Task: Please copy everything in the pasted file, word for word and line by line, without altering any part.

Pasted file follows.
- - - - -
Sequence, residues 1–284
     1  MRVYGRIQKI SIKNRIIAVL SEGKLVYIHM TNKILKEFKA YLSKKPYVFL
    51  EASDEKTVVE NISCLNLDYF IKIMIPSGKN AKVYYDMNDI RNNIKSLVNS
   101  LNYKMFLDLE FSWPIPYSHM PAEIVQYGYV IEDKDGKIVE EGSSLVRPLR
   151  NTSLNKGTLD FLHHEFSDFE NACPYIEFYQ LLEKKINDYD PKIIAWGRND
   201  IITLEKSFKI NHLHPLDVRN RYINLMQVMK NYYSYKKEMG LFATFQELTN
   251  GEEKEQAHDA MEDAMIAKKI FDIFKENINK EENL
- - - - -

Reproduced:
Sequence, residues 1–284
     1  MRVYGRIQKI SIKNRIIAVL SEGKLVYIHM TNKILKEFKA YLSKKPYVFL
    51  EASDEKTVVE NISCLNLDYF IKIMIPSGKN AKVYYDMNDI RNNIKSLVNS
   101  LNYKMFLDLE FSWPIPYSHM PAEIVQYGYV IEDKDGKIVE EGSSLVRPLR
   151  NTSLNKGTLD FLHHEFSDFE NACPYIEFYQ LLEKKINDYD PKIIAWGRND
   201  IITLEKSFKI NHLHPLDVRN RYINLMQVMK NYYSYKKEMG LFATFQELTN
   251  GEEKEQAHDA MEDAMIAKKI FDIFKENINK EENL